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View Pittsburgh & Its People From The 1850s Through Today

#pixburgh: A Photographic Experience features images from the Sen. John Heinz History Center vault, which contains close to 1 million images. The show features a sampling of 400 images from the 1850s through today — including landmarks, fun, folly and floods.



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William and Pauline Frank and their children, early 1850s
German immigrants William Frank and Pauline Wormser, who married in 1843, were among the first Jewish families to settle in Pittsburgh. Active in both the business and philanthropic communities, William operated a dry-goods store and later a glass factory and was among the founders of Rodef Shalom congregation. Pauline founded the Jewish Ladies’ Relief Association, which assisted with fundraising to aid Civil War soldiers.
 

Dr. George and Mary Turfley and family, c. 1900
George Turfley, the first registered African-American physician in Allegheny County, had his home and general practice in the Hill District. The beloved doctor attended patients for 56 years.
 

South Side Saloon, c. 1900
A small group of patrons poses for the camera along with two bartenders in this image of the interior of a South Side saloon at the turn of the century. Seeing a child among them was not surprising; many saloons were also family-run businesses, with relatives sometimes living in the upper floors of the same building. Saloons outside Downtown also catered to the preferences of specific ethnic groups. For some of these groups, a family trip to a public space such as a saloon would naturally involve children.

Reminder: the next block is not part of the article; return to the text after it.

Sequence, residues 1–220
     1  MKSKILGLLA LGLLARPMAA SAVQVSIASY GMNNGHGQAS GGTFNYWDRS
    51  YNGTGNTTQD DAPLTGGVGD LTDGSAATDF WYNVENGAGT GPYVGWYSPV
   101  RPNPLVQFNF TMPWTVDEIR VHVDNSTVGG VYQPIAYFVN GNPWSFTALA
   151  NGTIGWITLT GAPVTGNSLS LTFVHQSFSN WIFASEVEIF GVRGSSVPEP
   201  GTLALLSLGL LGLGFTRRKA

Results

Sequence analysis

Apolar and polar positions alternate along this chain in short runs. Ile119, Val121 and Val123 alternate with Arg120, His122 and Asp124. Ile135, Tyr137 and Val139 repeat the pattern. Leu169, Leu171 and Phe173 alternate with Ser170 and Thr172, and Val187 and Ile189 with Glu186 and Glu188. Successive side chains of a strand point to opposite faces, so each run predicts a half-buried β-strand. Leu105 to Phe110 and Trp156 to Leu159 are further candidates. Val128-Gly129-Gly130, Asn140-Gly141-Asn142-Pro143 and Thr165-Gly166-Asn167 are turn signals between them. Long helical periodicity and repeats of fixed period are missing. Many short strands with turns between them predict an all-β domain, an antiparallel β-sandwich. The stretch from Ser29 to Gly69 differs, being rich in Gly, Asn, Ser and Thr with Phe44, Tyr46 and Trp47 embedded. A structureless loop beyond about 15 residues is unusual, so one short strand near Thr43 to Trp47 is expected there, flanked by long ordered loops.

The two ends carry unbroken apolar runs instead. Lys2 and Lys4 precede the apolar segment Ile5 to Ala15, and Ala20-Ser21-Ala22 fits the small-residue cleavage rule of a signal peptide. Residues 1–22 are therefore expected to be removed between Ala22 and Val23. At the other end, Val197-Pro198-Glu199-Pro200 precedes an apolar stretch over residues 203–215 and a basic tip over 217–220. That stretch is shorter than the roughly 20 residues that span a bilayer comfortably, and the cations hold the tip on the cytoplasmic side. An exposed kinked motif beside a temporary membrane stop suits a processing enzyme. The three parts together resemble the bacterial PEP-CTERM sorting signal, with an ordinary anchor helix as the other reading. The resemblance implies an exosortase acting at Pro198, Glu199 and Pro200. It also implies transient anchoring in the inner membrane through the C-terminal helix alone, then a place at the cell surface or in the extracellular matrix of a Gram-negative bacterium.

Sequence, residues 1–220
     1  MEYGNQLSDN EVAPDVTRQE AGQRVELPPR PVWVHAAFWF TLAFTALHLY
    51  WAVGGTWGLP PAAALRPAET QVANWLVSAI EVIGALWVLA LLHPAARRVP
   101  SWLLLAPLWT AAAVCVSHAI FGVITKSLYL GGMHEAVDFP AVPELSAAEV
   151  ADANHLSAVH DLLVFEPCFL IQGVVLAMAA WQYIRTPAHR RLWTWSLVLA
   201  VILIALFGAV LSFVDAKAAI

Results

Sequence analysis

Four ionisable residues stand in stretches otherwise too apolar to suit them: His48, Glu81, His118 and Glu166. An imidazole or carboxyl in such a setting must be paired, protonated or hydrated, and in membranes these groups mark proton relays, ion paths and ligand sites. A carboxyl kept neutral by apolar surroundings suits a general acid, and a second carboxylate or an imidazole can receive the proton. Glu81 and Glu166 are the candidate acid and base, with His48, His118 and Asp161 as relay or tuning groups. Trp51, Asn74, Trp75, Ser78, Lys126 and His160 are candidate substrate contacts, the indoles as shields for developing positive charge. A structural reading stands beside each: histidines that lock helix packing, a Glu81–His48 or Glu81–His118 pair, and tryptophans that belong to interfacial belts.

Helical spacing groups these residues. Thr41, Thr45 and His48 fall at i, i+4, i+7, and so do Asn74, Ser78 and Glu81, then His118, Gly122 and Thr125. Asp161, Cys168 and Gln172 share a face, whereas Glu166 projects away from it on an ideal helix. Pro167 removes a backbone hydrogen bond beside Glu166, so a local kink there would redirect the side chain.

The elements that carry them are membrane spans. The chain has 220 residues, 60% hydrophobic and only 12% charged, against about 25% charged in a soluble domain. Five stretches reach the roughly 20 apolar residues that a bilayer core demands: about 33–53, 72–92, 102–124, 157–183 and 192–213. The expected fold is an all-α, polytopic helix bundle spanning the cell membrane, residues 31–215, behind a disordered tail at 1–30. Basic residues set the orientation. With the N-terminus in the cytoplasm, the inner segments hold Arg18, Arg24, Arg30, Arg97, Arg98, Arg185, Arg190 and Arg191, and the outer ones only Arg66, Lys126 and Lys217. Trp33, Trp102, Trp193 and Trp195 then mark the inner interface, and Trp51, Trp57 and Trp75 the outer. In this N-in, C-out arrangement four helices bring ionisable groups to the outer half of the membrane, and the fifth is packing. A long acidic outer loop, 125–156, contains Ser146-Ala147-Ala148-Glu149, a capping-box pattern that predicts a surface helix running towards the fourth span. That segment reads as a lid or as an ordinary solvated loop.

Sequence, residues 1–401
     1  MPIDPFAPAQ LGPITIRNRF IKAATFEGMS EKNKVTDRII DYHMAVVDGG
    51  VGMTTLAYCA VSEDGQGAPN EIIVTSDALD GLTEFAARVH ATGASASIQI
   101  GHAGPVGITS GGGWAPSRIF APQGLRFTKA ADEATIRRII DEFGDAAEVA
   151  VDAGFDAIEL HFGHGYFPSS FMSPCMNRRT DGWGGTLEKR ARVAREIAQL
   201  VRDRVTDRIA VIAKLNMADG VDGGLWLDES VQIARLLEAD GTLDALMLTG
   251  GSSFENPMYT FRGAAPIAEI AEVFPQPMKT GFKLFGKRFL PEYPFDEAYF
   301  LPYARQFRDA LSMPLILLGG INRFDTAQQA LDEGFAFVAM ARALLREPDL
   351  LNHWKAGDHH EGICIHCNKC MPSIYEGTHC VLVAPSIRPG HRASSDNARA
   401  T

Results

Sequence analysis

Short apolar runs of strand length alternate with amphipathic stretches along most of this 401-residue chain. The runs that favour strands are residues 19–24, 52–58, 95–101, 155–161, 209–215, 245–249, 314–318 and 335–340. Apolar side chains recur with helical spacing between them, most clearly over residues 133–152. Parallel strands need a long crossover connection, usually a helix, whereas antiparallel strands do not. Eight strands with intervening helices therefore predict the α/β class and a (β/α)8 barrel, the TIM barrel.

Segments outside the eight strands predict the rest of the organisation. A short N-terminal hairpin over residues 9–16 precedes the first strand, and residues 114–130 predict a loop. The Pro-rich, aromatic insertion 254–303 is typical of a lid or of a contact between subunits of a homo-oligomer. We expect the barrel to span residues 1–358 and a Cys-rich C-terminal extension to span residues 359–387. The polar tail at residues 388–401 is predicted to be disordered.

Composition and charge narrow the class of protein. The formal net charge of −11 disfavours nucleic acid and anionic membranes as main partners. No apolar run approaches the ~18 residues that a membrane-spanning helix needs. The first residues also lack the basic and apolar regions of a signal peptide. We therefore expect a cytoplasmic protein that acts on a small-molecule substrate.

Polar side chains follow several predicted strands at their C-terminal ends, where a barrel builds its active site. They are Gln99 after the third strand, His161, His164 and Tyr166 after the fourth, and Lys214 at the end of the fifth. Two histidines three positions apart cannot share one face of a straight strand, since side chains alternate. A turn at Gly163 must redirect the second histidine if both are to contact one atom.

Advertising department at Heinz, c. 1910
 

Collins Tigers, c. 1912
James Dorsey (front row, second from right) was well known locally for his athletic prowess, and formed his own basketball and football teams. After taking physical-education classes at the University of Pittsburgh, he served as recreation director at Washington Park, the Crawford Bath House, Centre Avenue YMCA, and the Ammon Center. He also won local renown as the only African American to pass the examination required to join the English Folk Dancing Society.
 

Men play traditional instruments in Chinatown, 1912
Remnants of a now-vanished Downtown community, these musicians were part of Pittsburgh’s Chinatown. By the early 1900s, the community featured a park, multiple stores and two competing Chinese fraternal organizations. The community was never very large, and when construction on the Boulevard of the Allies started in 1921, the new roadwork eventually crowded out most of the stores and businesses. By the 1950s, only three families remained.

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